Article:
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Acquisitions Aim High

Roughly a decade ago, we saw many construction technology providers acquiring others with many attempting to achieve the same objective: an end-to-end platform. These days, we are seeing acquisitions happening with that and other intentions in mind—many of which are aimed at solving very specific challenges that exist in the construction industry today.

One of the more recent examples is Trimble’s acquisition of Ryvit, which was announced earlier this year. Ryvit builds connections between commonly used applications and data sources, enabling information sharing both within and across organizations so that project teams can use the right information to make the right decisions at the right time.

Data exchange is perhaps still one of the biggest in many industries, as information is still too often siloed. All current Ryvit integrations are components to an open, extensible ecosystem. These integrations will continue to be supported as part of Trimble Construction One, with the primary offerings from Ryvit undergoing a rebrand to Data Xchange and App Xchange. Data Xchange represents the contractor tools that allow end users to configure and manage their data flows between connected systems. App Xchange serves as the developer’s command center for connecting systems, building pre-configured dataflows, and onboarding new customers.

One of the more interesting acquisitions came at the end of last year, when Sage acquired Spherics with the specific intent to help SMBs (small and medium-businesses) to measure and cut their carbon emissions, helping customers on their journey to net zero—which is something Peggy Smedley has been talking about for several years.

Spherics is a carbon accounting solution to help businesses understand and reduce their environmental impact. Spherics automates the process of calculating emissions by ingesting data from a customer’s accounting software and matching transactions to emission factors to create an initial estimate of their carbon footprint. Headquartered in Bristol, U.K., Spherics will continue to be available as a market solution that integrates with Sage and other accounting software providers in the U.K.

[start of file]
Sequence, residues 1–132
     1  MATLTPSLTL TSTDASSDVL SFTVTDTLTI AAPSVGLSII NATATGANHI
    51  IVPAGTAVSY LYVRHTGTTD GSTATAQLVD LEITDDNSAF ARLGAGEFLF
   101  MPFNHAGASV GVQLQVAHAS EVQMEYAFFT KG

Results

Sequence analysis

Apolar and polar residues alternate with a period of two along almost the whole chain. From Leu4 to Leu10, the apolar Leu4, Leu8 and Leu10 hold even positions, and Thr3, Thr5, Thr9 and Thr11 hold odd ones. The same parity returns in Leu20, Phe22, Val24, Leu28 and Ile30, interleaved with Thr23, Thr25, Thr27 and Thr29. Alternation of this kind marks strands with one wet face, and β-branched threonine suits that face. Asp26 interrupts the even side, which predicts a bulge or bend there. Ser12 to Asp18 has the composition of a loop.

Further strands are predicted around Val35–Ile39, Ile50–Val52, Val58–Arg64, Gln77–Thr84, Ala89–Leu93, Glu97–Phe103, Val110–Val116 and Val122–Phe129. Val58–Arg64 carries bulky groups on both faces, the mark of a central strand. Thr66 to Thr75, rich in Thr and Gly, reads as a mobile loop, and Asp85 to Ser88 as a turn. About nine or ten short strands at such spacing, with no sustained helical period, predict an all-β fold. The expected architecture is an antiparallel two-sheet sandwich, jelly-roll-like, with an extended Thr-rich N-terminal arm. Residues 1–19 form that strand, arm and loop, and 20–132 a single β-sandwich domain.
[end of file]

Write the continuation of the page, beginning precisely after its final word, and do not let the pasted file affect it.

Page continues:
Extending Data Further

Extending data to asset and portfolio management is also a growing trend in the construction industry today—and many are building new solutions or acquiring others to provide these capabilities to customers.

As one example, last year, JDM Technology Group has acquired Greenville, South Carolina-based AerieHub, which provides facility management software that offers secure, fast access to critical information to improve maintenance efficiency and strengthen building safety. AerieHub joins providers, EPAC, MicroMain Corp., MPulse Software, and TeamWORKS as part of JDM’s facility management software group. AerieHub will continue to operate as a separate brand with its existing staff, based in Greenville, S.C.

As another case, Bentley Systems announced that its Cohesive Group digital integrator business has acquired Vetasi, which is an international consultancy specializing in EAM (enterprise asset management) solutions, with a strong focus on IBM Maximo. According to the companies, by virtue of the combination with Cohesive, Vetasi’s clients can benefit from the multidiscipline scope of a world-leading digital integrator, combining greater global scale with local agility to leverage more value from their asset portfolios. Prior to Vetasi, Cohesive has acquired multiple organizations in the EAM and digital twin advisory space to increase service delivery capacity, including prioritizing geographical reach for significantly growing opportunities in the EMEA and especially Asia Pacific regions.

Other acquisitions are aiming to extend data to the field, driving productivity at the jobsite by bringing data to equipment and tools. Such is the case with Hilti’s acquisition of Fieldwire, which will combine Fieldwire’s software to Hilti’s brand. Construction represents almost 10% of the GDP of the world with most of the spend being realized in the field during the construction phase. While the vast inefficiencies of field operations have been documented many times—as much as 70% of the workday being spent in non-direct wrench time activities—the industry is still in its digital infancy when it comes to supporting the craftsperson itself to solve the problem. Fieldwire coordinates crews in the field on large construction operations, improving trade productivity by more than 12% on average.

At the end of the day, acquisitions come in all shapes and sizes—and it seems many of the more recent ones are looking to fill a very specific need in the construction industry.

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